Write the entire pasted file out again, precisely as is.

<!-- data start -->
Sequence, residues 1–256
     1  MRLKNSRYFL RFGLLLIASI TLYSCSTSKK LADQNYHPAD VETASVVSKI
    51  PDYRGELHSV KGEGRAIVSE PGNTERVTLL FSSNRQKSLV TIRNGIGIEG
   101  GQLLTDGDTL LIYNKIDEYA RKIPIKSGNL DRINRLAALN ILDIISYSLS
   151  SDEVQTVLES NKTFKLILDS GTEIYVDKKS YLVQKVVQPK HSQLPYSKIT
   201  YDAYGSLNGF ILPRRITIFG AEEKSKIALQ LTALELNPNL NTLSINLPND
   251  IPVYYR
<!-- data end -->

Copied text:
Sequence, residues 1–256
     1  MRLKNSRYFL RFGLLLIASI TLYSCSTSKK LADQNYHPAD VETASVVSKI
    51  PDYRGELHSV KGEGRAIVSE PGNTERVTLL FSSNRQKSLV TIRNGIGIEG
   101  GQLLTDGDTL LIYNKIDEYA RKIPIKSGNL DRINRLAALN ILDIISYSLS
   151  SDEVQTVLES NKTFKLILDS GTEIYVDKKS YLVQKVVQPK HSQLPYSKIT
   201  YDAYGSLNGF ILPRRITIFG AEEKSKIALQ LTALELNPNL NTLSINLPND
   251  IPVYYR